The only way to really get in hiking shape is to hike! If you happen to live near the Sierras, you have a head start! If not, take advantage of what you have! I consistently hike in New Hampshire’s White Mountains and just called my hikes leading up to the JMT “training hikes”. I would seek out routes to do more mileage on rough terrain. New Hampshire (the granite state) has much rockier and steeper trails than the JMT so if I could do bigger mileage days out here, I’d do fine out West. I did hike Brokeoff Mountain ( Lassen Volcanic National Park) in California before I hiked the JMT to see how I’d do at altitude as well.
Try to find a challenge near you and take the gear that you’ll be carrying on the trail. Please do not fill your pack with rocks or other useless items. Practice packing what you plan on bringing and if you feel adventurous, pack your bear canister if you have one! I wanted to chuck my BV500 off a cliff, but by the time I started the JMT I was over how heavy and bulky it was.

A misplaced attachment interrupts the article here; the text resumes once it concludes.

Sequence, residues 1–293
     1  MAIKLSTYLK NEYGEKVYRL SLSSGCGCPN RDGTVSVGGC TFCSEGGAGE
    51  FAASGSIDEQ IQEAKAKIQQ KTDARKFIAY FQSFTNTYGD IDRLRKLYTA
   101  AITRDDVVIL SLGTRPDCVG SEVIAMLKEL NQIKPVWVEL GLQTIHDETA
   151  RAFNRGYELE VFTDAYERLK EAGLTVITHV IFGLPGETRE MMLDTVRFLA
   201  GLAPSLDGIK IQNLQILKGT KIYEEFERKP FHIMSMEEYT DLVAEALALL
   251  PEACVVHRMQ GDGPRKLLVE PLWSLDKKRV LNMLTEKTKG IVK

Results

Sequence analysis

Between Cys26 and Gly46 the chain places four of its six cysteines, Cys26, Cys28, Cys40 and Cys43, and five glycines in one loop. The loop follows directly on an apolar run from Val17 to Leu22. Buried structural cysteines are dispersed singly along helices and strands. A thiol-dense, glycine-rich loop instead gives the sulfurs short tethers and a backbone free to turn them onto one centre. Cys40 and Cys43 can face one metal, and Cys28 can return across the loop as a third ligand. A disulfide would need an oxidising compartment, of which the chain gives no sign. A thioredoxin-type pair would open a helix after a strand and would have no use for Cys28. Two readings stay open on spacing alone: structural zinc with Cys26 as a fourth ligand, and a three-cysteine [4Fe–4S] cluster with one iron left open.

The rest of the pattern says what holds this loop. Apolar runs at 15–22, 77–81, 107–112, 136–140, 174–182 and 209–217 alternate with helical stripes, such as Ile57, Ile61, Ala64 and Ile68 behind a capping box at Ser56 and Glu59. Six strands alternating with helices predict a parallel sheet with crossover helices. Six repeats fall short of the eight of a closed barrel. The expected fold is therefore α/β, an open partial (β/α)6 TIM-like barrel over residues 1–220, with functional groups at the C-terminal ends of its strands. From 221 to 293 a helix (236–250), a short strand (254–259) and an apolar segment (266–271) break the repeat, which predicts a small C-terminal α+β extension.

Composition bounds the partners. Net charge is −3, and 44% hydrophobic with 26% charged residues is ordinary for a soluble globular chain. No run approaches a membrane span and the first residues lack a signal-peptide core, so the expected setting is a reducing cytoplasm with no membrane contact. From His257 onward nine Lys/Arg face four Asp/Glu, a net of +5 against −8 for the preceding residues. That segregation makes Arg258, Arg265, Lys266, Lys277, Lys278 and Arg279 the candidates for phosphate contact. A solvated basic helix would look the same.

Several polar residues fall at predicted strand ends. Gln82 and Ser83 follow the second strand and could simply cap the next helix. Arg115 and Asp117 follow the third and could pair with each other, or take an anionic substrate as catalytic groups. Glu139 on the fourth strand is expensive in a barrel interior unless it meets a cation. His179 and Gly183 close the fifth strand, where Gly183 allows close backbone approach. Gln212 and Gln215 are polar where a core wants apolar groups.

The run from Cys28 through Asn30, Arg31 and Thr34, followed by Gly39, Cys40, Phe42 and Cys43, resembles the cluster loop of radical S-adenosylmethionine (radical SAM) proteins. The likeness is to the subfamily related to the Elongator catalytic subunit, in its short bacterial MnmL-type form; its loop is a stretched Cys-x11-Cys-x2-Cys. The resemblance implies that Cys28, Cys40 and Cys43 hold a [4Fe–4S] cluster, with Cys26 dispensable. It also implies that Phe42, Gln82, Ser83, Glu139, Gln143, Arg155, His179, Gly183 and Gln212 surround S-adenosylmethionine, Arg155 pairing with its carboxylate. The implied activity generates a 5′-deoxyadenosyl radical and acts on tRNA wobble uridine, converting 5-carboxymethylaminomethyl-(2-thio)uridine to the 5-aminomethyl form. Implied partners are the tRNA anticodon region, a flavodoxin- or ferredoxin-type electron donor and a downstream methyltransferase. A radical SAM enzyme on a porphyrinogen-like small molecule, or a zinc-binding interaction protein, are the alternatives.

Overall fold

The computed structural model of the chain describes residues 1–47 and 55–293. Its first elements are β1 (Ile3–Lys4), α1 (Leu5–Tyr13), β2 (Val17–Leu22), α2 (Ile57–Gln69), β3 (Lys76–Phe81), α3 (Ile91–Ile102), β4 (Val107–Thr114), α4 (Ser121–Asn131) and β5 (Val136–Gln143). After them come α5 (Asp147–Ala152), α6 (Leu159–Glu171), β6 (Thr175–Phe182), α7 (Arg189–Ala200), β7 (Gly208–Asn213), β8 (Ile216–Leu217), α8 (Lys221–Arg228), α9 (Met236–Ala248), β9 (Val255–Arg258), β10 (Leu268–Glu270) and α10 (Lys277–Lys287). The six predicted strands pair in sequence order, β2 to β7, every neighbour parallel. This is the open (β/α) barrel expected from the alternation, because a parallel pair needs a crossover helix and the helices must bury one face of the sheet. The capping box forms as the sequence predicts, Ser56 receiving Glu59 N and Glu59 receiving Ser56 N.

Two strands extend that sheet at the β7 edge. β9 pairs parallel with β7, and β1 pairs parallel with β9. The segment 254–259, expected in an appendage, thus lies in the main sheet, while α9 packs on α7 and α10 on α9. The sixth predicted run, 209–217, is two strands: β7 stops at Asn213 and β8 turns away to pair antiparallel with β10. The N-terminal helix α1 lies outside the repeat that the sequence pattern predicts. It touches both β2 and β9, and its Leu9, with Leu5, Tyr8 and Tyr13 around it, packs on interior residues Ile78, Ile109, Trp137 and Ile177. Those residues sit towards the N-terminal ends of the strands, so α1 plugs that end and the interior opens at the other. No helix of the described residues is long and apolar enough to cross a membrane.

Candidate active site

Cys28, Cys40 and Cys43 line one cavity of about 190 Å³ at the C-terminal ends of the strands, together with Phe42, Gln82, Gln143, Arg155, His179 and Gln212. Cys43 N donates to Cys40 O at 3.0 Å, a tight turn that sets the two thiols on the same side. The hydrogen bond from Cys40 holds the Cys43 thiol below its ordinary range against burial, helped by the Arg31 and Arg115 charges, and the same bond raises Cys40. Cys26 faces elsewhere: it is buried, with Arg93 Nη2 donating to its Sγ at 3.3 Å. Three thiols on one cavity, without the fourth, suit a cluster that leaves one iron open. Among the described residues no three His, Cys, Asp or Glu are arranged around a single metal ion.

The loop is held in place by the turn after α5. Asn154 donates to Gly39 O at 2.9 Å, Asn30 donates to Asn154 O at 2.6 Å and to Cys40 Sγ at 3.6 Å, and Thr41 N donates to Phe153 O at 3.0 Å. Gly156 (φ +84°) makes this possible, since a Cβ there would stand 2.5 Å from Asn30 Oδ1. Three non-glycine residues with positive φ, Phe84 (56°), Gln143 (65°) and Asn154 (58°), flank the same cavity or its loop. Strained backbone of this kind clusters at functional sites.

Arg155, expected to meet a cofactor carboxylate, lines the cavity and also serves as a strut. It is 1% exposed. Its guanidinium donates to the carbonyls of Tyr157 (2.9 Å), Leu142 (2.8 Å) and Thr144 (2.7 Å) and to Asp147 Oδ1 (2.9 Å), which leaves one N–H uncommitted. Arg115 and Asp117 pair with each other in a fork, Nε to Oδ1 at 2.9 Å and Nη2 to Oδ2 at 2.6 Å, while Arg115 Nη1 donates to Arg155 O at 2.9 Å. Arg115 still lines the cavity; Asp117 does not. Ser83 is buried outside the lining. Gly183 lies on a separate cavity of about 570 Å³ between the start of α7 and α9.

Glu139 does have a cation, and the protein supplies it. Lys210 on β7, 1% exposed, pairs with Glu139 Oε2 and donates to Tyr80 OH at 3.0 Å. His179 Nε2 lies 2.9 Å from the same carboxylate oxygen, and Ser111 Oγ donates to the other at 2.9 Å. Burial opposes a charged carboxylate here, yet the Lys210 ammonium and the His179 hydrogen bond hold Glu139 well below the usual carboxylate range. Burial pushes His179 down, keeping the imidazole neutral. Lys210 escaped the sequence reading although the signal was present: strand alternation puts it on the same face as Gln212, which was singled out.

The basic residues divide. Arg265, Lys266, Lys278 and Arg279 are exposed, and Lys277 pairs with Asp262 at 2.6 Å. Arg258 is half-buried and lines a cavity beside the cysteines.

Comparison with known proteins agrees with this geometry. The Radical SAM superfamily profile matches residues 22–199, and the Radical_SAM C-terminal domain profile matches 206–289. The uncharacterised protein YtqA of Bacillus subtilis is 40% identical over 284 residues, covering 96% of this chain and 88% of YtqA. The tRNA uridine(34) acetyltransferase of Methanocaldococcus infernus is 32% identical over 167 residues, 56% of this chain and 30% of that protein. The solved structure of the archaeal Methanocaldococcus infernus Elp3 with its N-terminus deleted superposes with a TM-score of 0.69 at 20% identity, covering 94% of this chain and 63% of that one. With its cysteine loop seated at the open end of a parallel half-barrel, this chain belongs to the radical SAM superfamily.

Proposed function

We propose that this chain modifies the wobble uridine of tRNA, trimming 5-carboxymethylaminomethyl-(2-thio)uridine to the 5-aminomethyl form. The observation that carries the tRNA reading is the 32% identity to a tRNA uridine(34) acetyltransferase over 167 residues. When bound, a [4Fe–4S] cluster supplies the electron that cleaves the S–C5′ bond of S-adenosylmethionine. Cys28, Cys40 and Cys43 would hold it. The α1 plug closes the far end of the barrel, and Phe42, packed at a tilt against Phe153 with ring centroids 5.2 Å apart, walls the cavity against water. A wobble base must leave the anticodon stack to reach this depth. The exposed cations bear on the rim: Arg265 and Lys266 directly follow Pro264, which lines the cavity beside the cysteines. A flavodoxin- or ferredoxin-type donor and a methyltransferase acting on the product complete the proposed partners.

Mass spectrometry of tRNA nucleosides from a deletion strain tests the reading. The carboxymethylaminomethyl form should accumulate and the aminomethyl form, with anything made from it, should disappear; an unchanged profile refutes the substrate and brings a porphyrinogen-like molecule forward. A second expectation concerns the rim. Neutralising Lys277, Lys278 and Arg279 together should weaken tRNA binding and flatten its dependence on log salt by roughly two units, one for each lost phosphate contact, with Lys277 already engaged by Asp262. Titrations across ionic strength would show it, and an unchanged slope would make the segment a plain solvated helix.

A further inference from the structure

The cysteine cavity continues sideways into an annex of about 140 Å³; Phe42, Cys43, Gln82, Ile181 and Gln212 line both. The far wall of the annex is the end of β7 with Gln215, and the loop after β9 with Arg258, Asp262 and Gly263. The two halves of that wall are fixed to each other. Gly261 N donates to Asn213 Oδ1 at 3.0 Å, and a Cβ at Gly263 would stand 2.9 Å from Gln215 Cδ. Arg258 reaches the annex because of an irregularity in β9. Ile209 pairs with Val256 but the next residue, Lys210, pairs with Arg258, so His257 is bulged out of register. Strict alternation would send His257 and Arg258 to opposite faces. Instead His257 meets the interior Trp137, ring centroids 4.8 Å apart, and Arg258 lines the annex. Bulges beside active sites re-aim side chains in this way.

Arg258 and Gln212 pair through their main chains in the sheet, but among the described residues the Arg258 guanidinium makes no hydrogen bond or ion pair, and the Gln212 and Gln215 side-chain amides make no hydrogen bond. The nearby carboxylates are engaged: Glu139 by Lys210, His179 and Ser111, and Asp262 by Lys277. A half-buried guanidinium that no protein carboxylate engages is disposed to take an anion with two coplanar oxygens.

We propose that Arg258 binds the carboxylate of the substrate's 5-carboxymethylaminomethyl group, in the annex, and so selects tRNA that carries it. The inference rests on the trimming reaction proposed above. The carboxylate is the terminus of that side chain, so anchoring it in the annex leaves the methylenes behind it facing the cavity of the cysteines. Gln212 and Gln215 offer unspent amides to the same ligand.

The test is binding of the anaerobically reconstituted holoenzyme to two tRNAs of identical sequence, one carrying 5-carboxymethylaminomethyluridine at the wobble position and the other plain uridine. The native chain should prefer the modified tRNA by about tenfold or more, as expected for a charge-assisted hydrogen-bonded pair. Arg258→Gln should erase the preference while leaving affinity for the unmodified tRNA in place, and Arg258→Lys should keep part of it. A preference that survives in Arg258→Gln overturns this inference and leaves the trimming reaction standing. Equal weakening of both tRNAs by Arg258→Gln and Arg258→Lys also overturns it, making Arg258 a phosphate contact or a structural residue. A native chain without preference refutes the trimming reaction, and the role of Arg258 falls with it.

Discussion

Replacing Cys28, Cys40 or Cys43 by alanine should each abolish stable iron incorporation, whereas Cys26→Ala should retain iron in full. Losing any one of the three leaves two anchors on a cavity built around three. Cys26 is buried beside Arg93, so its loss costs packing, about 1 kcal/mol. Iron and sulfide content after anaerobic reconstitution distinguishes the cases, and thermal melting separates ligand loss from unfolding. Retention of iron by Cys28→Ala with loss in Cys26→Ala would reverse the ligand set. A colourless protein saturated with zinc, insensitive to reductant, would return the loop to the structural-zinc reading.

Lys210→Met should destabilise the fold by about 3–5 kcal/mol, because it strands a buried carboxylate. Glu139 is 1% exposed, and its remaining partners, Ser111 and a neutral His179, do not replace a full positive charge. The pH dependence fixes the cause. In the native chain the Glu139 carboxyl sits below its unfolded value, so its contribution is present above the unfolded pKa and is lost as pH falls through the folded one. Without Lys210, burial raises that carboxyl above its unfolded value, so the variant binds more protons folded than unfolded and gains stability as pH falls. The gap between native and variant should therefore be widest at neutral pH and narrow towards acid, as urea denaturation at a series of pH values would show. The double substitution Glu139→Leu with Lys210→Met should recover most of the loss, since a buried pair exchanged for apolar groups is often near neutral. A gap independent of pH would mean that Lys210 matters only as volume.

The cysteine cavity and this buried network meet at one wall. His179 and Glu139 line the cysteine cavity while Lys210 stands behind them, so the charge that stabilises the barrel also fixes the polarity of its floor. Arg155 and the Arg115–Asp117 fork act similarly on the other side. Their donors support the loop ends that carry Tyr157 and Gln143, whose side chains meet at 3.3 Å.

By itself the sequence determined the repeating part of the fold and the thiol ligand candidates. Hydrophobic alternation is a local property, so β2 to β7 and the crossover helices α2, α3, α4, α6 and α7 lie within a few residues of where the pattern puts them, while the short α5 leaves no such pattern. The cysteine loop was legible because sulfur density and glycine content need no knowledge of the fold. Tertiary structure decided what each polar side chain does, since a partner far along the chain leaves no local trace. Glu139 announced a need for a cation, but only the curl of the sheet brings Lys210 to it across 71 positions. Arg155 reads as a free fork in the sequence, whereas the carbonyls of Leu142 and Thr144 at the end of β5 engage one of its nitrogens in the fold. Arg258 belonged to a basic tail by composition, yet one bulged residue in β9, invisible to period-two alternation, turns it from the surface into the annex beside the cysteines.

If you don’t have access to mountains, become a gym rat, take the stairs, or walk to work. Just get moving! It’s very different to hike all day everyday and you need to take the time to prepare physically and mentally!
While you’re doing your training hikes you can also begin to think about the gear you’ll take on the JMT. Think about what you will definitely take, what you need to replace/upgrade, and what you don’t have. When you think your gear list is dialed in, go on an overnight or multi-day hike. When you return, make a pile of items you used, seldom used, didn’t use at all. Keep all necessary items like a first aid kit that may be in your “didn’t use” pile, but really consider everything else.